Faster, cheaper cross-border payments are the goal of an experiment to replace the traditional correspondent banking system with multiple central bank digital currencies (CBDCs).
The project to join multiple CBDCs on a common platform — which was developed by the Bank for International Settlements (BIS) Innovation Hub along with the central banks of Hong Kong, Thailand, China and the UAE — aimed to test an alternative to the existing cross-border banking system using digital currencies and distributed ledger technology.
The BIS reported that its prototype platform for multiple CBDC settlements “was able to complete international transfers and foreign exchange operations in seconds, as opposed to the several days” that are normally required by commercial banks.
The platform was also able to operate around the clock and, according to a report on the project, could halve the cost of these kinds of transactions.
“The prototype is part of our efforts to design CBDC technology,” said Benoît Cœuré, head of the BIS Innovation Hub. “The project includes experimenting with use cases and trials, balanced with analysis of governance, policy and legal considerations with a focus on cross-border use.”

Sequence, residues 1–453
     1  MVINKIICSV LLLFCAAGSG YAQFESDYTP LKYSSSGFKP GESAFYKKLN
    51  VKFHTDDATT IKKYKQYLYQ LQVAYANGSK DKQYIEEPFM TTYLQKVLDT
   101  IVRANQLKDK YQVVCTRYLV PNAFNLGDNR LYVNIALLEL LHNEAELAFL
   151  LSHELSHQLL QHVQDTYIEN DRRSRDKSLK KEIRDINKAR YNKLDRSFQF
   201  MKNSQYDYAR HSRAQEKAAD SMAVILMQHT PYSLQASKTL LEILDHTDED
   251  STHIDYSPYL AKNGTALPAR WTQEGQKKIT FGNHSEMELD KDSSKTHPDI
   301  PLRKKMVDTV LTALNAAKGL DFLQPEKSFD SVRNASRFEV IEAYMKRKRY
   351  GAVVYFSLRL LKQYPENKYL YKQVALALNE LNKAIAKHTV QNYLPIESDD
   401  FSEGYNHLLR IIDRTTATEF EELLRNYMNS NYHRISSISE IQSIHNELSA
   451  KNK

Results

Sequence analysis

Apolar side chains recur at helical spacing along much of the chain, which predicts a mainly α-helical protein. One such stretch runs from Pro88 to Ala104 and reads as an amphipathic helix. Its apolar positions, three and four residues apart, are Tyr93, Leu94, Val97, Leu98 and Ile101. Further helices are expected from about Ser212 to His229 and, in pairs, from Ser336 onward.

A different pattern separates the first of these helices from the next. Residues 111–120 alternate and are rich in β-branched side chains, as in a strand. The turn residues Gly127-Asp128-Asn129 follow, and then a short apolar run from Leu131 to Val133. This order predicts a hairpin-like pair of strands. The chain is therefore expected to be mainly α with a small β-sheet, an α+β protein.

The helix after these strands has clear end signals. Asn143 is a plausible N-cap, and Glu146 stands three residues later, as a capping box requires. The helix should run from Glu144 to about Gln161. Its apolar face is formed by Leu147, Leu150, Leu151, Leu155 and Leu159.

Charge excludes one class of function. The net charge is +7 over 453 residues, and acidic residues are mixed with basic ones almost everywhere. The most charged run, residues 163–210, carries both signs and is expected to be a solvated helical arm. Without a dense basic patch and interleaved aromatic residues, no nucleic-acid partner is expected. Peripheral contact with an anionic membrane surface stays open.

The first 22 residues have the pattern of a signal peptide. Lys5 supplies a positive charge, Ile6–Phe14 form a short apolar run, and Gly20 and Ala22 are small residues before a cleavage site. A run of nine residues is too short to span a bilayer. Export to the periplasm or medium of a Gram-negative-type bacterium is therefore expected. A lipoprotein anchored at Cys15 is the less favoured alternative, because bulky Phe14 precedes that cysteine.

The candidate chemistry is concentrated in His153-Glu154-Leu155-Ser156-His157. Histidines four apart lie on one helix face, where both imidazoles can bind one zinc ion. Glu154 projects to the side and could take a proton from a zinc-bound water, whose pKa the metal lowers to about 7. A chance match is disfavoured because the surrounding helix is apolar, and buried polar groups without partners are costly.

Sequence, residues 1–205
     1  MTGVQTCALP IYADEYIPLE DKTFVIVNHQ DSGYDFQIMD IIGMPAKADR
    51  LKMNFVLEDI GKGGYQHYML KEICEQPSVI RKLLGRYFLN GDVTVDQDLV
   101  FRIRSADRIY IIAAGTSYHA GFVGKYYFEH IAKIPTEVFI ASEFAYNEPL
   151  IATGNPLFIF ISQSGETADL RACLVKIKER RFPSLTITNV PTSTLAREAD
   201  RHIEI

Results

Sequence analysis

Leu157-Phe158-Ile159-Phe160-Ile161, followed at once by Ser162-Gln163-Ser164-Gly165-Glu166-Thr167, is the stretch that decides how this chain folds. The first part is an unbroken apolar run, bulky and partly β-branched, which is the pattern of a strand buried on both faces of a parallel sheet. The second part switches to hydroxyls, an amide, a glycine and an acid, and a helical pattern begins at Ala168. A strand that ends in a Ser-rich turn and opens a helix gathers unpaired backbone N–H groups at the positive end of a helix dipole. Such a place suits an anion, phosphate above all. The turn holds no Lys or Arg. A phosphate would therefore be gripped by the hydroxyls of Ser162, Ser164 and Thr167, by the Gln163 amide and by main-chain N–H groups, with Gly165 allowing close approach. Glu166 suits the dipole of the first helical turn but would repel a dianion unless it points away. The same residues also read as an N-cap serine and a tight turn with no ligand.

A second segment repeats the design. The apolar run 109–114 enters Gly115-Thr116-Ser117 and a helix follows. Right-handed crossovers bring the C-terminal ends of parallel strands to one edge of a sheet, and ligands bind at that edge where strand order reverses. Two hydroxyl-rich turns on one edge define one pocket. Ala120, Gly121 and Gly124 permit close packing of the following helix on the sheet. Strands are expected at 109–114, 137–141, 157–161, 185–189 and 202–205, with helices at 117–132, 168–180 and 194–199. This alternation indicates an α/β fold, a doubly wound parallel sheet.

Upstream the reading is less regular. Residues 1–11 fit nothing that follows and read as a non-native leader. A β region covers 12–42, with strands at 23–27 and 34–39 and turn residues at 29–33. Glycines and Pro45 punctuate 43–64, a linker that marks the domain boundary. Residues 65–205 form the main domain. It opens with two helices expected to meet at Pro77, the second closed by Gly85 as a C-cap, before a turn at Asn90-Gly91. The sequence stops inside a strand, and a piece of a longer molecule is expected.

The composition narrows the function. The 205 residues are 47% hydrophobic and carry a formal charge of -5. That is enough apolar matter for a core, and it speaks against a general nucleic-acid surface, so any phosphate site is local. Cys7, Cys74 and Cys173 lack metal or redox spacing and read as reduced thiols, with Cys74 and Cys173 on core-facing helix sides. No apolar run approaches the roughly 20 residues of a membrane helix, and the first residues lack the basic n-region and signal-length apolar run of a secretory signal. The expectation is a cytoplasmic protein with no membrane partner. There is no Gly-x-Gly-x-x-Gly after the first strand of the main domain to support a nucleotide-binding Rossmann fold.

Future research will explore privacy controls, liquidity management and the scalability and performance of distributed ledger technology in handling large transaction volumes.
The project’s next phases will include tests with commercial banks and other financial market participants.
“Enabling faster and cheaper cross-border wholesale payments, including to jurisdictions that don’t benefit from a vibrant correspondent banking system, would be positive for trade and economic development,” said Bénédicte Nolens, head of the BIS Innovation Hub in Hong Kong.